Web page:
How To Know When Bad Behavior Becomes Bullying Behavior
An important read for all of us, especially those with kids.
I have a confession to make. I once pegged my oldest daughter as a bully.
As a mom of two girls, I spent seemingly countless hours talking with them about getting bullied. I told them what to do if they were bullied or saw someone being bullied (tell, of course!). I thought I had it covered.
Then, one day I get a phone call from my neighbor. It seemed my oldest (who was about 13 at the time, I believe) decided to either kick or throw something at her daughter while they played. The mom sent my daughter home and wanted to let me know. I thanked her, hung up the phone and wondered when and how my daughter became a bully.
By the time she came home, my anger boiled over and I repeatedly yelled, “How could you do this? I won’t stand for bullying!”
It turns out, I jumped the gun a little bit.
A Non-Emotional Definition Of Bullying
As parents, it’s easy for us to create the worst-case scenario in our minds when it comes to bullying. It seems like we can’t go a day without hearing or reading about bullying in schools and online. Surveys show that 21 percent of students ages 12-18 experience bullying at some point.
However, as parents, we also need to understand that not all bad behavior between children qualifies as bullying. There is a difference between bullying, teasing, being mean and just plain rudeness.
In an article on Huffington Post, author and school counselor Signe Whitson was sure to point out that distinguishing the difference between “mean behaviors” and bullying is not to diminish the negative effects of being mean—and it’s certainly not telling parents to let kids off scot-free for bad behavior.
“Make no mistake,” Whitson writes. “Mean behaviors can wound deeply and adults can make a huge difference in the lives of young people when they hold kids accountable for being mean. Yet, meanness is different from bullying in important ways that should be understood and differentiated when it comes to intervention.
Her point, as is mine, is to help concerned parents better understand when the line into bully territory has been crossed. As it turns out, bullying does have specific characteristics that many experts agree upon:
1. Bullying intends to cause harm
Just because someone does something that hurts someone’s feelings doesn’t mean that child is a bully. A bully acts with the deliberate intention to hurt another, whether it’s emotionally or physically.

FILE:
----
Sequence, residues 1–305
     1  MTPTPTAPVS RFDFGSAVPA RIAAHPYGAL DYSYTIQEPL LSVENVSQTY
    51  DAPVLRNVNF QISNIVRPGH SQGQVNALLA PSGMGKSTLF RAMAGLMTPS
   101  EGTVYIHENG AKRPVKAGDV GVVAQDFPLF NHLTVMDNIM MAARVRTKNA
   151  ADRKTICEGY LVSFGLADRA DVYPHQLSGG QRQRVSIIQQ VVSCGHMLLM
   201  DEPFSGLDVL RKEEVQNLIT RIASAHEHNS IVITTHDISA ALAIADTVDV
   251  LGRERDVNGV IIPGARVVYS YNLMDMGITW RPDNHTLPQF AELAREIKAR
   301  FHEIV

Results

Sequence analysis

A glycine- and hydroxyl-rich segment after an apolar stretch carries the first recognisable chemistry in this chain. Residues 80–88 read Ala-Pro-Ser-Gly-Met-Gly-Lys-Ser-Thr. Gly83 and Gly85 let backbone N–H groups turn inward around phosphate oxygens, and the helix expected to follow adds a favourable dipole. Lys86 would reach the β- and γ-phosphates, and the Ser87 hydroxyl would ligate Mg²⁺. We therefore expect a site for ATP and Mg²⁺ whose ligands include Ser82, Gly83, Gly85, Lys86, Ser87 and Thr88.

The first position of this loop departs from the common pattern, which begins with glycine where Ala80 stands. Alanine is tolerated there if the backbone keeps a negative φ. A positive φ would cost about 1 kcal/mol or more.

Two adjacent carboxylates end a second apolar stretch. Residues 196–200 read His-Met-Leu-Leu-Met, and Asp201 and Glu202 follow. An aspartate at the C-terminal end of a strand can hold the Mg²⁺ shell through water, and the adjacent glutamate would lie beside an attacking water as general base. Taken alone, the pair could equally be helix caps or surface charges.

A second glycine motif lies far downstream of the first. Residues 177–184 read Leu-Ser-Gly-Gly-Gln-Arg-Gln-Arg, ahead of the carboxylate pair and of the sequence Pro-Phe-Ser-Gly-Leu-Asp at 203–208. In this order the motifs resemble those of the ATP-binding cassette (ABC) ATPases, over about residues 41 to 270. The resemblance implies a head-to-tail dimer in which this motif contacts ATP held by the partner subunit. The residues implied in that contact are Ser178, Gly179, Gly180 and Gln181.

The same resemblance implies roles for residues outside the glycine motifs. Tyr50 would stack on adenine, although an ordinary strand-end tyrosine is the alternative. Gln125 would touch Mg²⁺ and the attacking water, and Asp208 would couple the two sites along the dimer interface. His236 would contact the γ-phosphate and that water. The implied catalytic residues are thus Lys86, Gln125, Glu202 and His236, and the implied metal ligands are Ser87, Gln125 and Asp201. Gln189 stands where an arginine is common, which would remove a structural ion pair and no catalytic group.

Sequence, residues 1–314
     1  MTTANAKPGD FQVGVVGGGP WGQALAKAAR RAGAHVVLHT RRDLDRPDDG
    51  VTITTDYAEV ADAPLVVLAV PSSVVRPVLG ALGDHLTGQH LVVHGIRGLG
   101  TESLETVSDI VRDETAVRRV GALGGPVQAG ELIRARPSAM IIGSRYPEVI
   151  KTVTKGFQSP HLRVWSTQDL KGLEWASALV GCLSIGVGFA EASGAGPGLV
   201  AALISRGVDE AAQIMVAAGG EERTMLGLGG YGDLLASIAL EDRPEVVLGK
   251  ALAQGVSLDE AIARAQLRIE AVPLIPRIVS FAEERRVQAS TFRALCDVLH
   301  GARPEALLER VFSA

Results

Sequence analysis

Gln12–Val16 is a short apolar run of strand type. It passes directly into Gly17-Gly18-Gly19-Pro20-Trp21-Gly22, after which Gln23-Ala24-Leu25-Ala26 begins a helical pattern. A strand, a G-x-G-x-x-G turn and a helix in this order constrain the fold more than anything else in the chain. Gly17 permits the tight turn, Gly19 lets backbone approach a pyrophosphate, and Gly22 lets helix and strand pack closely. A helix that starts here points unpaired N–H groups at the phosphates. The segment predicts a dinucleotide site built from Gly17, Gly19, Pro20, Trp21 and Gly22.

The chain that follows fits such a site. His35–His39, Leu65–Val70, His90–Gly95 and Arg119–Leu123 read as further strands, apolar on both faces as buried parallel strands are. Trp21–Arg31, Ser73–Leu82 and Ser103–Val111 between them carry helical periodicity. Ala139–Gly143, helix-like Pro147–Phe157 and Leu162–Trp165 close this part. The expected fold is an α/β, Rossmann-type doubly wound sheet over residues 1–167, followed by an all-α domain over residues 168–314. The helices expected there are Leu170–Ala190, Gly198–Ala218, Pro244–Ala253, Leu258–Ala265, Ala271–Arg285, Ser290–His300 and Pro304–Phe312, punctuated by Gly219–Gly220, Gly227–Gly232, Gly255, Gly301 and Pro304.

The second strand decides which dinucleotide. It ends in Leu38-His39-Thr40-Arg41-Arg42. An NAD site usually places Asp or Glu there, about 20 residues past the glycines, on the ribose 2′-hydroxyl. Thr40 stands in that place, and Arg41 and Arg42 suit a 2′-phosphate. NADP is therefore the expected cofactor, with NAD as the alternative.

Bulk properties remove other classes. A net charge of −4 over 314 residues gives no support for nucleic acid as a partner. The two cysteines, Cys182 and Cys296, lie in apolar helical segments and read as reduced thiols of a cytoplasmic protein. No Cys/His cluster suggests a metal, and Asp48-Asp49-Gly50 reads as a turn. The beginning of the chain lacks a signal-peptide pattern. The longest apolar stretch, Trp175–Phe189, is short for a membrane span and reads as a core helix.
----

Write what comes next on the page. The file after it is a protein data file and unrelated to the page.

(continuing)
2. Bullying happens repeatedly
Bullying isn’t a one-time (or even two-time) thing. According to StopBullying.com, “bullying behaviors happen more than once or have the potential to happen more than once.” In other words, bullies don’t usually stop with just one incident. They’ll either continue harassing someone or threaten to do so in the future.
3. Bullying shifts power
The bully wants to grab power from his or her victims. The behavior means to control, dominate or belittle someone. This can happen through physical contact, verbal attacks, excluding people from groups and cyberbullying.
Rudeness Does Not Equal Bullying
Bad behavior and tension between peers do not equal bullying, in most cases. Calling someone a name, a push or a shove, or insulting someone doesn’t make a person a bully. It makes them rude.
No one wants to see a child’s feelings get hurt, but parents should not immediately “cry wolf” by labeling another child as a bully. Doing this can diminish the seriousness of actual bullying. We need to know and understand this so we can correctly teach our children the difference.
Reasonably Hold Children Accountable For Behavior
In my case, I totally blew it with my daughter. Based on her one poor choice, I immediately tried, convicted and labeled her. What she did was 100 percent wrong, of course. And I marched her back over to her friend’s house and made her apologize to the friend and her mom.
However, even the mom, who saw my distress, assured me she knew this was a one-time thing. She just thought it was best to send her home to diffuse the situation. She knew the difference between rude behavior and bullying.
Later, I apologized to my daughter for my blow-up. I was so worried about her being a bully, that I didn’t stop to think about the day’s events reasonably.
The list of children who’ve committed suicide as a result of bullying continues to grow. As parents, we need to do everything in our power to minimize the presence and impact of bullying. But let’s also keep in mind that sometimes people are just mean and rude. As long as we keep our kids accountable for their behavior in a rational way, we’re doing our job!
This story originally appeared on Simplemost.